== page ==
OCT 2012

EyeWorld is the official news magazine of the American Society of Cataract & Refractive Surgery.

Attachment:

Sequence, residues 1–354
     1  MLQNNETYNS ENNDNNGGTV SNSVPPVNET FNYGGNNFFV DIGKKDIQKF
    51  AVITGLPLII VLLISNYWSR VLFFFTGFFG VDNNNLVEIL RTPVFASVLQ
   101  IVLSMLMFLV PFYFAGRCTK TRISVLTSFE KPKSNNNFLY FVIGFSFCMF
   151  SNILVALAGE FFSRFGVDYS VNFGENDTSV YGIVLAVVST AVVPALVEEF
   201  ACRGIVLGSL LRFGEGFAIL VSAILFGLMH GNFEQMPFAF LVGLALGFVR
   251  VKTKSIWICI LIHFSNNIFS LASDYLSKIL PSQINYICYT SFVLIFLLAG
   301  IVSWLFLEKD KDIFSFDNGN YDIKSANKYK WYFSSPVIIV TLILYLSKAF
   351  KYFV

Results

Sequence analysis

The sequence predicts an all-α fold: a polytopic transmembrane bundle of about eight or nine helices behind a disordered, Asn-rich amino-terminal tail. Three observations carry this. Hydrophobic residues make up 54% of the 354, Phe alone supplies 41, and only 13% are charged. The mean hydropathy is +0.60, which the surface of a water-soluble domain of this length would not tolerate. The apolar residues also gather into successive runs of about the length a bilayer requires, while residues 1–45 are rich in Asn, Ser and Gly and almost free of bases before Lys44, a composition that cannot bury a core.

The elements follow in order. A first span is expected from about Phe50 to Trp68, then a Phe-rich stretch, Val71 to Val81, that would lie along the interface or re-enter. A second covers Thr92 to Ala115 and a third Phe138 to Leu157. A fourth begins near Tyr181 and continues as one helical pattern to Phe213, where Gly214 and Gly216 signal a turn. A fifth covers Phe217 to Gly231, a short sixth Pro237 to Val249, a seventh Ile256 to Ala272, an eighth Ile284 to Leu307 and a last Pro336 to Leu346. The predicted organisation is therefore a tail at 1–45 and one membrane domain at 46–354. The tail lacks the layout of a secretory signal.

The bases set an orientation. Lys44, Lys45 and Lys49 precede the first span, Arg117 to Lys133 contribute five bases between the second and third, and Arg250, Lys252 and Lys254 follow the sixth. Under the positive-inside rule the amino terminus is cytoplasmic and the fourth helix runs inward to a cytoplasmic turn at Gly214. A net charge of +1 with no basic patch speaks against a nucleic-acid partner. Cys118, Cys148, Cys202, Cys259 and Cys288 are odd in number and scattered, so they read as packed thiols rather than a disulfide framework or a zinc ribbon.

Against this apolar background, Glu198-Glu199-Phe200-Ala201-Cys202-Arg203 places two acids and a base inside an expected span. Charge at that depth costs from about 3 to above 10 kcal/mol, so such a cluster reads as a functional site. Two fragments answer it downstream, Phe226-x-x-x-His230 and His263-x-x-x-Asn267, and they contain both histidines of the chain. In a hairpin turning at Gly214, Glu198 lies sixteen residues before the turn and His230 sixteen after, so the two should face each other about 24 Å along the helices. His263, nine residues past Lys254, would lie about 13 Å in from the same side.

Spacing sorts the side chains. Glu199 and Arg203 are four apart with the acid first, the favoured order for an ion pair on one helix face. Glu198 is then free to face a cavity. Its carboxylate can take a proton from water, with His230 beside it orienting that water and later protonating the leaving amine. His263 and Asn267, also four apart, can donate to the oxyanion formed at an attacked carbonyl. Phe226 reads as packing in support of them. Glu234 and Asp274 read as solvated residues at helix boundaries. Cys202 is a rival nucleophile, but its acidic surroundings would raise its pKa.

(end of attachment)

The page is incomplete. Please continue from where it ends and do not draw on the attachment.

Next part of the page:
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58 EW GLAUCOMA February 2011 October 2012 Glaucoma editor's corner of the world Meeting of the minds: Glaucoma at the cutting edge by Maxine Lipner Senior EyeWorld Contributing Writer Leading practitioners convene to discuss innovations s MIGS technology is developed for glaucoma, there is an increasing need for a forum focused specifically on surgical issues unique to MIGS. The Cutting Edge: Innovative Glaucoma Surgery Symposium was started by Ike Ahmed, M.D., and Rick Lewis, M.D., to fill this need, and we are fortunate to have their insights in this month's "Glaucoma corner of the world." We also have the reflections of Malik Kahook, M.D., and Randy Craven, M.D., on topics covered at this year's 4th annual symposium. A The Cutting Edge symposium brings together surgeons and basic scientists who are working in the MIGS area and also inter- ested industry representatives. The agenda aims to encourage open discussion among all the stakeholders in these exciting new technologies. The history of other break- through technologies—like IOLs or vitrec- tomy—shows that new organizations based around them are critical to their develop- ment and dissemination. There currently is just one national glaucoma organization, the American Glaucoma Society (AGS). While the AGS has surgical issues on its program at its national meeting, it covers all glaucoma topics— medical treatment, imaging, visual fields, diagnosis, screening, etc. There simply is not enough time within the broad AGS framework for the in-depth discussion of MIGS that surgeons and industry need for this emerging group of technologies. This relative vacuum creates a huge opportunity for a symposium like Cutting Edge to become the focal point for MIGS discussion and development. Reay Brown, M.D., glaucoma editor M IGS (micro-invasive glaucoma surgery) was one of the watchwords at the fourth annual Cutting Edge: Innova- tive Glaucoma Surgery Symposium held this summer, in Newport Beach, Calif. This think tank-like gathering took place just prior to the FDA approval of the iStent (Glaukos, Laguna Hills, Calif.), a glaucoma device heralded for being minimally invasive. Those attending included 30-40 leaders in the field, according to Richard A. Lewis, M.D., Sacra- mento, Calif., who co-founded the meeting along with Iqbal "Ike" K. Ahmed, M.D., assistant professor of ophthalmology, University of Toronto. "We wanted to get together a group of clinicians, researchers, and industry people who were in- volved and interested in the latest glaucoma devices," Dr. Lewis said. Dr. Ahmed described the envi- ronment here as one replete with roundtable discussion on sometimes difficult topics. "This time we talked a lot about MIGS, which is a term that I had coined 4 years ago," Dr. Ahmed said. "We had a good healthy discourse on how do we define MIGS," he said. "When I first came up with the term, I had a very loose idea, and I think that we tried to nail it down a little bit more in terms of what this means." Talking MIGS One of the presentations that Dr. Ahmed gave was on the cardinal fea- tures of MIGS. "These are procedures that are micro-incisional," he ex- plained. "They're small, typically clear corneal incisions, not involved in the conjunctiva, so the invasive- ness of the procedure into the eye is minimal." He described the proce- dure as one that is minimally trau- matic with very little disruption to physiologic function of the eye. Safety of MIGS was another feature discussed and is something that Dr. Ahmed terms "second to none." An iStent going into the angle Source: E. Randy Craven, M.D. Also, the efficacy of MIGS devices and their ability to continue to work were considered. Furthermore, he stressed that adaptability is the final cardinal feature, describing this as the flexibility to combine MIGS with other approaches such as cataract surgery. Such adaptability also involves considering how easily surgeons of different skill levels in varying environments are able to use this technology. "Anything that would involve cutting the conjunctiva, scleral dissection, wouldn't be part of MIGS, in my opinion," Dr. Ahmed said. "All of the work to do those procedures would be quite trau- matic." One final hallmark of MIGS is the fact that it doesn't burn any bridges for future procedures. "By not having to open up the conjunc- tiva, MIGS procedures leave the door open if there needs to be further, more aggressive surgical procedures, for example, trabeculectomy," Dr. Ahmed said. Among those devices that Dr. Ahmed thinks fit the MIGS bill are the iStent, the Trabectome (NeoMedix, Tustin, Calif.), the CyPass glaucoma implant (Tran- scend Medical, Menlo Park, Calif.), the Hydrus device (Ivantis, Irvine, Calif.), and the AqueSys implant (AqueSys, Irvine, Calif.). Malik Y. Kahook, M.D., profes- sor of ophthalmology, University of Colorado, Aurora, who spoke at the meeting on the iStent, describes the recent FDA approval of the device as having ushered in a new era in the way mild to moderate glaucoma can be managed. "Being the first MIGS implant that the FDA has approved certainly has brought a lot of excite- ment to the field of glaucoma where in the past we have not seen much advancement in how we manage patients surgically," Dr. Kahook said. "The big question at this point will be how this device performs in real-world settings." In his talk, Dr. Kahook reported results from a study in which com- puter software was used to simulate how the iStent might act after im- plantation in a model of the human eye. Investigators also considered how multiple iStents would perform. "We compared one versus two iStents and tried to understand device efficacy—to tease out some of the subtle findings using the com- puter software," Dr. Kahook said. "What we found was that one iStent was fairly effective in decreasing